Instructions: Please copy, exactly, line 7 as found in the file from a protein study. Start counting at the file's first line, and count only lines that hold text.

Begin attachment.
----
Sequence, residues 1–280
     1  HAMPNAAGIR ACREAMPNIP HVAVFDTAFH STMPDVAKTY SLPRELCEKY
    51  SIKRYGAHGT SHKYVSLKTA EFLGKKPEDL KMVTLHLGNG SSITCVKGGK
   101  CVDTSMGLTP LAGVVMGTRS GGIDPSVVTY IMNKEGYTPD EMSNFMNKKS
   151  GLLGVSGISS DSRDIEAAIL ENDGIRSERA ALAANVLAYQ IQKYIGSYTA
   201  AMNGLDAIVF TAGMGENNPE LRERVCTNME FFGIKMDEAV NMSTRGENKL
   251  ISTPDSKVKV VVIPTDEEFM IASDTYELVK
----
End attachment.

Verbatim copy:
   251  ISTPDSKVKV VVIPTDEEFM IASDTYELVK